Marine A's colleagues 'wanted Afghan insurgent dead'
As the conviction of Sgt Alexander Blackman for shooting an injured Afghan fighter in 2011 is reduced from murder to manslaughter on the grounds of his mental illness, Royal Marines who fought alongside him have spoken for the first time - offering new insights into the killing.
In interviews for BBC Panorama, the men from 42 Commando said they wanted the insurgent dead and their comrade "took one for the team" when he faced a court martial.
His colleagues said they also suffered from post-traumatic stress and one marine believes such incidents occurred elsewhere during the conflict.
There is much public sympathy for Blackman, 42, but few people who have watched the full video of the killing - recorded by another marine's helmet-mounted camera - would describe him as a hero.
The footage has not been made public but Blackman can be heard trying to cover up his actions, making sure a helicopter above is out of sight before he delivers the fatal shot.
Perhaps more understandable though is the sympathy of the men who fought alongside him and endured the same hardships.
'Sending out a signal'
Colleagues suggested there were other pressures on Blackman, who was known as Marine A during the original trial process and was only fully identified when he was convicted.
Rob Driscoll, who was at a nearby patrol base at the time of the killing, told Panorama: "Everyone that was speaking on that radio was sending out a signal to Al... everyone wanted that guy to be dead."
He said no-one would have wanted to send out a medical team to help the insurgent because the ground could have been littered with roadside bombs, while a helicopter might have been targeted in the air.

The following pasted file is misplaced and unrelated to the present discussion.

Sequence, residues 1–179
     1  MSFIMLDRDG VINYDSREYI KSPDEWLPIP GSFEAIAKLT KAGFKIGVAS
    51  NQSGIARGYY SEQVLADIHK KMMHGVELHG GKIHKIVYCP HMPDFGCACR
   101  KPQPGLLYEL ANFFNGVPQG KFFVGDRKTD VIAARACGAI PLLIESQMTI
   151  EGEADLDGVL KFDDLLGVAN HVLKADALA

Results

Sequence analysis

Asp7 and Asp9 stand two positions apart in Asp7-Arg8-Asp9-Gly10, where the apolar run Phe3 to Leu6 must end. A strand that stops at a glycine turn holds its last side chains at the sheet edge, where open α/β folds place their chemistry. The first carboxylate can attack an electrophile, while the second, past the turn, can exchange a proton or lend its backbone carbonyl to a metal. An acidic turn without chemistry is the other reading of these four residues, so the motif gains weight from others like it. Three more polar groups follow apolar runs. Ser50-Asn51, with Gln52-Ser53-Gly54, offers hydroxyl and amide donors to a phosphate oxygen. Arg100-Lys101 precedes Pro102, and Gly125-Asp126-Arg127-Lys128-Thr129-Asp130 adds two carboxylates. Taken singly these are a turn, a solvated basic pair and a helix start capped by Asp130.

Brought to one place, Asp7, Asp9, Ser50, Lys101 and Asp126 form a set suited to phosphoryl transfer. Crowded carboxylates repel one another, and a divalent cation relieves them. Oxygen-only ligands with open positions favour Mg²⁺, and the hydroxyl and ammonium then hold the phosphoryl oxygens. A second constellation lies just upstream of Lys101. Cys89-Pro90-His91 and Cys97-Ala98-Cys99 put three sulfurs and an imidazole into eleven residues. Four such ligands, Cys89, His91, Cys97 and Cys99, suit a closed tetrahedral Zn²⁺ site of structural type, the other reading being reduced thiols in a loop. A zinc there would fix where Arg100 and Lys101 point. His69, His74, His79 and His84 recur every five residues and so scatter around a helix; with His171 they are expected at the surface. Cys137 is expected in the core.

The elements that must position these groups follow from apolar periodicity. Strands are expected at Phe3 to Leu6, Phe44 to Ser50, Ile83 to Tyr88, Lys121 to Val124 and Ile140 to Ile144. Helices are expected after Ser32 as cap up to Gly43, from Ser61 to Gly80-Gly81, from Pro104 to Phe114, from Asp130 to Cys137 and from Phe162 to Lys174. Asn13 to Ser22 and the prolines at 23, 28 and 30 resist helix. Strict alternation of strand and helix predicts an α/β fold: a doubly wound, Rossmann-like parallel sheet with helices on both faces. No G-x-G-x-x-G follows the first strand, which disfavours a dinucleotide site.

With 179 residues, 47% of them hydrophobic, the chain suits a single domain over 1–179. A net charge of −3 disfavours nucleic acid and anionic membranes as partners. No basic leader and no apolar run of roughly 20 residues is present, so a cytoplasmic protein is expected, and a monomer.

They would have done it for one of their own, but risking British lives for a wounded Taliban fighter "who has been shooting at them for the last four months" was less appealing, he said.
Sam Deen, who was on the patrol, said: "I do remember saying, 'yeah I would shoot him'... and I do think I influenced what happened".
"A few of the other lads said that," Mr Deen said.
The killing, on 15 September 2011, took place after a patrol base in Helmand province came under fire from two insurgents.
One of the attackers was seriously injured by gunfire from an Apache helicopter sent to provide air support, and the marines found him in a field.
The footage from the helmet-mounted camera showed Blackman shooting the Afghan prisoner in the chest at close range with a 9mm pistol.
Blackman, from Taunton, was convicted of murder in November 2013 and jailed for life. He lost an appeal in May of the following year, but his 10-year minimum term was reduced to eight years.
Five judges at the Court Martial Appeal Court in London have now ruled the conviction should be manslaughter on the ground of diminished responsibility, not murder.
A further hearing will now decide what sentence Blackman should serve.
Filmmaker and anthropologist Chris Terrill was embedded with Blackman's unit at the time of the shooting.
His film for Panorama tries to look beyond the narrow focus of the helmet camera that led to Blackman's conviction and questions whether, in the slow attrition of war, they began to think as a pack and lose their moral compass.
Speaking about Blackman's decision to kill the insurgent, Sam Deen says: "I do think he took the responsibility for the younger lads… he thought it was his responsibility to do it, and then move on."
Rob Driscoll admits to some sleepless nights but adds: "I'm glad Al did what he did because all my guys went home".
Louis Nethercott, another Royal Marine on the patrol, tells Panorama: "I think it was just another day in Afghanistan and that's the way it goes out there.
"And none of us got hurt so it was a successful day as far as I'm concerned".
Chris Terrill asks another Royal Marine who was on that tour whether he thought this was the only time such an incident occurred during the Afghan war.
His answer - "No".
Panorama, Marine A: The Inside Story will be on BBC One at 22:50 GMT, and available later on iPlayer.